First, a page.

Intravascular lithoplasty system in peripheral artery disease: In this system, balloon angioplasty is performed with sound waves and calcified plaque is broken. With this system, calcified plaques, which are difficult to treat with drug-coated balloons or stents, are treated without damage to the vascular wall thanks to the low pressure balloon with the effect of sound waves. Shockwave peripheral intravascular system is a device known as M5, which contains over the wire balloon, 3.5-7 mm in diameter, 60 mm in length, can be used with a 6F or 7F sheat. Recently, 4 additional catheter sizes (2.5 mm; 3 mm, 3.5 mm and 4 mm; 40 mm length, compatible with 5F sheat, known as S4) have been defined. The S4 lithotripsy device has a smaller balloon catheter than the M5, has a lower profile, is hydrophilic coated, and has a longer shaft length. These device features are extremely important in treating contraleteral distal peripheral calcified lesions. There are 4-5 lithotriptors in the devices we mentioned. However, in the S4 device, 2 of the litrotriptors are in the middle. This property is very important in optimizing the intravascular lithotripsy effect on target calcified plates. In order to transmit the shock waves, the isotonic-contrast filled balloon is inflated at subnominal pressure (4 atm) in the calcified peripheral vein. Then, the shock waves are generated from the generator by pressing the intravascular lithotripsy button. This lithotripsy device is advanced through the calcified vein. An average of 160-300 shock waves are generated per device [12,13].

Pantheris lumivascular atherectomy system

It is a directional atherectomy system including optical coherence tomography. Provides three-dimensional visual guidance with optical coherence tomography. In addition, optical coherence tomography has the benefit of reducing damage to the vessel wall during plaque removal [14]. Pantheris Lumivascular Atherectomy system consists of catheter, sheat, lightbox imaging console and lightbox imaging sled. The catheter part is 135cm and contains the optical fiber part of the optical coherence tomography [14,15].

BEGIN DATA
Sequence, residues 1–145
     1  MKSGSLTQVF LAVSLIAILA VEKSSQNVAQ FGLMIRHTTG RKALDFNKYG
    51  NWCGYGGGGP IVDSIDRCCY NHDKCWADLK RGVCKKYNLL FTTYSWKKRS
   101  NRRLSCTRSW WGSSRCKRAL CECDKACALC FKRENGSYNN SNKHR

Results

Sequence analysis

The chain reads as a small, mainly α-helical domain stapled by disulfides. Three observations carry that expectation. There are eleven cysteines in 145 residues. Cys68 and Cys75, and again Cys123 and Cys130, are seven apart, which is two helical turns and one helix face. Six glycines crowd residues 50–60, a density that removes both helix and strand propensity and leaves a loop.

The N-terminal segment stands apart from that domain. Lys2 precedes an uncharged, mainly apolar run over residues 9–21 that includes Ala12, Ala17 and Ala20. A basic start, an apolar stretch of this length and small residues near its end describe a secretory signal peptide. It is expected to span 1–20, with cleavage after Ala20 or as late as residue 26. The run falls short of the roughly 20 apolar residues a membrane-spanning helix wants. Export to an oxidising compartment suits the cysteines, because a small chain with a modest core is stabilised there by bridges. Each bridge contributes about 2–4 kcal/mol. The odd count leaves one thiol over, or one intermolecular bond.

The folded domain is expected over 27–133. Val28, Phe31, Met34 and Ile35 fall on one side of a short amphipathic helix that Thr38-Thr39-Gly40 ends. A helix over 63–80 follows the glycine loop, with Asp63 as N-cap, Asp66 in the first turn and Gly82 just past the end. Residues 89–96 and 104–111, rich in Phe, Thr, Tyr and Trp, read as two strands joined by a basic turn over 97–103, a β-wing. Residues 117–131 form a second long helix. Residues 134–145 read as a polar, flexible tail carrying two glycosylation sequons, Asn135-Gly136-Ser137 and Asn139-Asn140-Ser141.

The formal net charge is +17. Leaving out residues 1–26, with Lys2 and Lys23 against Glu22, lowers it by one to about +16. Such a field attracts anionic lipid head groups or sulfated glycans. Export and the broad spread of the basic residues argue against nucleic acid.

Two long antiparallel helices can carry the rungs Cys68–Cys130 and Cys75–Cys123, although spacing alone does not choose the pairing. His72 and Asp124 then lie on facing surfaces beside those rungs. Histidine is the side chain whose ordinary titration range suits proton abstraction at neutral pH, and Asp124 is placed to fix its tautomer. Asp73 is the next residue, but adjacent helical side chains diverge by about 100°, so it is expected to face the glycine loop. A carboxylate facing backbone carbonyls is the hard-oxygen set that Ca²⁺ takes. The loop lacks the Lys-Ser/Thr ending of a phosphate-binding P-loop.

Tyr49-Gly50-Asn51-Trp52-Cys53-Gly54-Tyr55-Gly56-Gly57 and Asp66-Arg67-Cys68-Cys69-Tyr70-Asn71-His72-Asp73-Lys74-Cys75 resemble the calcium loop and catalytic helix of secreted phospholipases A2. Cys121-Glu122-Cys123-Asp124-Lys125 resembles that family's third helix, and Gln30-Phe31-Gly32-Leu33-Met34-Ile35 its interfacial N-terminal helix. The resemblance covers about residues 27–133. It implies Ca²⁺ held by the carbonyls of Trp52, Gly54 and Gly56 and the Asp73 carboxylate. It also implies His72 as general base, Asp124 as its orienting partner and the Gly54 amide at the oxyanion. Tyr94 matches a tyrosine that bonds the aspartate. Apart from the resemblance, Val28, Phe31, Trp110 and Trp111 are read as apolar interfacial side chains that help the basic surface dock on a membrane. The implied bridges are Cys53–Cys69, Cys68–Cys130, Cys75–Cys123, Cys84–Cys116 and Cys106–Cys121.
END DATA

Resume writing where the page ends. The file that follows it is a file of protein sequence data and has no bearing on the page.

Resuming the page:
Lithoplasty and pantheris studies

35 patients with moderate to severe calcified femoropopliteal lesions were included in the DISRUPT PAD 1 study (2017). The mean initial stenosis of these patients was 76.3% and the mean lesion length was 61.5mm. 64.1% of these patients had severe calcification and the mean calcified lesion length was 80.3 mm. The Lithoplasty system has been successful in all patients. The criterion for success was residual stenosis below 50%. Residual stenosis averaged 23.4%. 30-day patency rate was 100% while 6-month patency rate was 82.1% [16].

95 patients with moderate to severe femoropopliteal lesions (lesion length 15 cm and below) were enrolled in the DISRUPT PAD 1-2 study (2 phase study; 2016). Half of the patients had severe calcification. 94 of 95 patients underwent lithoplasty. Functional outcomes including walking improved significantly in 6 months. The average 6-month patency was reached in 91.6% of the patients. The average 6-month patency rate was 76.7%, while the recovery rate in 6-month functional results was 96.8%, regardless of the target vessel revascularization [17,18].

158 patients with symptomatic superficial femoral artery lesions were included in the VISION (EvaluatIon of the Pantheris OptIcal Coherence Tomography Imaging Atherectomy System, 2017) study [14], which is associated with the Pantheris system. In this study, the mean lesion length was 58 mm, the mean stenosis rate was 78.7%, and the chronic total occlusion rate was 20.2%. Cases with moderate to severe calcified lesions, patients with iliac artery lesions, cases with graft lesions, patients with restenotic lesions, cases with acute ischemia, and patients with thrombosed lesions were excluded from the study. In this study, the residual stenosis rate was below 50% in 192 of 198 lesions with the Pantheris system. With the Pantheris system alone, the average initial stenosis rate fell from 78.7% to 30.3%.

Conclusion

Knowing the technical approach to FPL will contribute to the reduction of morbidity and mortality.

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© 2021 Değirmenci H, et al. This is an open-access article distributed under the terms of the Creative Commons Attribution License, which permits unrestricted use, distribution, and reproduction in any medium, provided the original author and source are credited.